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Concerning the 1920 Einstein Derivation of the Lorentz Transformation

  1. May 6, 2012 #1

    M8M

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    I have been reading Lieber's book "The Einstein Theory of Relativity" which describes the derivation of the Lorentz Transformations:

    archive.org/details/einsteintheoryof032414mbp -- see pages 39-56

    bartleby.com/173/a1.html

    The entire derivation makes no sense, whatsoever. Why is it necessary to cover-up the whole problem? You cannot just state that there is a flash of light at the origin and proceed with the mathematics from there. What is the nature of the mysterious light flash at the origin which "stays" with the K and K' frames as they move? I mean, I thought physicists were precise...this is ridiculous.

    If somebody thinks they can step-by-step defend and explain either the original Einstein 1920 derivation, or Lieber's butchering of it, please step up.
     
  2. jcsd
  3. May 7, 2012 #2
    M8M,

    Your complain about this book is not clearer than the book itself.
    The Lorentz transformation can be derived in a few lines and almost no word at all.
    The book you are using is so lengthy and complicated that I do not have the patience to even read two pages of it to answer your question.

    If you want a simple introductory book on Special Relativity, my best recomendation would be this:

    Very Special Relativity: An Illustrated Guide, by Sander Bais

    Otherwise derivations satisfying the K-I-S-S principle (according to me) would be:

    - There are only two classes of groups relating inertial frames: the Galilean group, and the Lorentz groups based on an arbitrary speed "c". It happens, which is also a consequence, that zero-mass particles also propagates at this speed 'c'. It happens that infinite 'c' brings us back to Galilean group. It appears that the Lorentz transformation is a property of space-time, which was revealed by electromagnetic theory, but 'c' is also the speed of neutrinos which are -a priori- not related in any way to the theory of light.

    - The invariance of the equation of light wavefronts: ds²=dx²-c²dt²=0 in K ==> ds'²=dx'²-c²dt'²=0 in K' also lead very directly to the Lorentz transformation. I also tend to believe that the derivation is not interresting and un-pedagogical. It is easy to plug the Lorentz transformation in the above equations and check that it satisfies the requirements. It can easily be accepted (and proved) that there is no other solution.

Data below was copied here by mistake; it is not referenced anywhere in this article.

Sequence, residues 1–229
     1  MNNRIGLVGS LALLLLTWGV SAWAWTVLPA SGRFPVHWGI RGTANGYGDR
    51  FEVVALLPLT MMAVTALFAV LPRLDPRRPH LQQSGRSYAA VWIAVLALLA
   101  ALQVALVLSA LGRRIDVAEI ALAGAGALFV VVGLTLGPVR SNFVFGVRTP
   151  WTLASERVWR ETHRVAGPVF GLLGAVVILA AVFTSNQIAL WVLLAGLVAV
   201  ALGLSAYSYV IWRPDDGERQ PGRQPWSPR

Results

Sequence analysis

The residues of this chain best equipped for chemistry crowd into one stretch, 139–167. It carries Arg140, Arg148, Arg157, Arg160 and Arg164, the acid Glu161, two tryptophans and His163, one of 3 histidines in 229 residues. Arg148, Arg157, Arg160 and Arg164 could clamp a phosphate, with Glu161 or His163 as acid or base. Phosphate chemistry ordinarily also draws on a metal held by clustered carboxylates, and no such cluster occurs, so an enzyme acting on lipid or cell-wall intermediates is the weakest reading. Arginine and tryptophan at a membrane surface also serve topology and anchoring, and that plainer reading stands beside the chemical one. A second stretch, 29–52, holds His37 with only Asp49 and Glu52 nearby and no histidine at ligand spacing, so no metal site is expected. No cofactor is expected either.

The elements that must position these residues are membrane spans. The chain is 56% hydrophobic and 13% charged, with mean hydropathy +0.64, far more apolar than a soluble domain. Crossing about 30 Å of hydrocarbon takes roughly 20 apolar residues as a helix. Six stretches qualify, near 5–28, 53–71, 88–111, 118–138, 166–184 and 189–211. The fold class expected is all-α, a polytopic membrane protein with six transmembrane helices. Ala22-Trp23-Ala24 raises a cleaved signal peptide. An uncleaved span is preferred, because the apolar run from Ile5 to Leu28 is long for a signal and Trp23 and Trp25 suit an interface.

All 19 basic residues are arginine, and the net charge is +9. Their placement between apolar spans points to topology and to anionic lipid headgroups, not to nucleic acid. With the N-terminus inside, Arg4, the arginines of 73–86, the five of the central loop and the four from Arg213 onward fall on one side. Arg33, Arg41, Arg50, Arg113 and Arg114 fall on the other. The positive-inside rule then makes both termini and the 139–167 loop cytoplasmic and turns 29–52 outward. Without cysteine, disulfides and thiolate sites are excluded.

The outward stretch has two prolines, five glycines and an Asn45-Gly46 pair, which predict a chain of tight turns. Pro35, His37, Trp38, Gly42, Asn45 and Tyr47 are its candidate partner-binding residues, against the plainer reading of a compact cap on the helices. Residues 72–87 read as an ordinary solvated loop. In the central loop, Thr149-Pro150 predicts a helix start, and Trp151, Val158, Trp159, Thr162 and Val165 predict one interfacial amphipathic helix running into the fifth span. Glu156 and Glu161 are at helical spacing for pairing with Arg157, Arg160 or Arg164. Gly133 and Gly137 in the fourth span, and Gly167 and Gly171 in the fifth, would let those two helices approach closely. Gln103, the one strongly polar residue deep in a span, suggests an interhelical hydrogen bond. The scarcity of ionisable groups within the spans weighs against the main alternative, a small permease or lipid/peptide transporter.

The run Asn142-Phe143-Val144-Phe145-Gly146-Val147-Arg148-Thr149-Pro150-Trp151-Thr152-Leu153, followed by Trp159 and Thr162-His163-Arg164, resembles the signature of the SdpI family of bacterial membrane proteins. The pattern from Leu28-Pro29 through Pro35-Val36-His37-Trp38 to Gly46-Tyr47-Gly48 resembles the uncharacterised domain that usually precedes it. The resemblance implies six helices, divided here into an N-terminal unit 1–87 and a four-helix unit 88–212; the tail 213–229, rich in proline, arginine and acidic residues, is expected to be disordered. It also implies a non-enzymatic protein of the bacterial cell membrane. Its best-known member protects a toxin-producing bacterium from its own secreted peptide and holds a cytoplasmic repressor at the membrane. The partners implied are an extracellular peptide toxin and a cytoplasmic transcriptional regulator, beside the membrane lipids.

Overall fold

Finally, note that the original derivation by Einstein dates back to 1905. You can find it there:

    http://www.fourmilab.ch/etexts/einstein/specrel/www/


    In addition, keep in mind that the Loretnz transformation was derived by Lorentz a few years before the Einstein derivation. There were also several other transformations suggested by other people around the same time. Only the Lorentz transformation satisfied all the requirements of the principle of relativity.
     
  4. May 7, 2012 #3

    M8M

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    Thanks for your response. There is something unsettling about Einsteins derivation. I am starting to think there is more than a grain of truth that the whole business was based on Voigts work.....
     
  5. May 7, 2012 #4

    Mentz114

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    You'll be alone in that opinion. What have you got against Einstein ?
     
  6. May 7, 2012 #5
    That's folklore, not physics, sorry.
    Even not good history of science.
    Start by studying these papers, specially those of Lorentz and Poincaré:

    http://www.soso.ch/wissen/hist/SRT/
    http://www.soso.ch/wissen/hist/SRT/srt.htm

    Try to figure out what the state of physics really was at that time.
    Ask yourself if people were supposed to work isolated at that time, or were they also supposed to communicate with each other.
    And finally ask yourself if the Einstein1905 paper should be the best way to discuss SR today.

    But there are better things to do!
     
  7. May 7, 2012 #6
  8. May 7, 2012 #7

    M8M

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    I think it is safe to say I can believe whatever I want and spout it on this forum as if it is gospel. I see 10 different contradictory opinions on here and they are all supposedly backed by fact.

    QED
     
  9. May 7, 2012 #8

    PAllen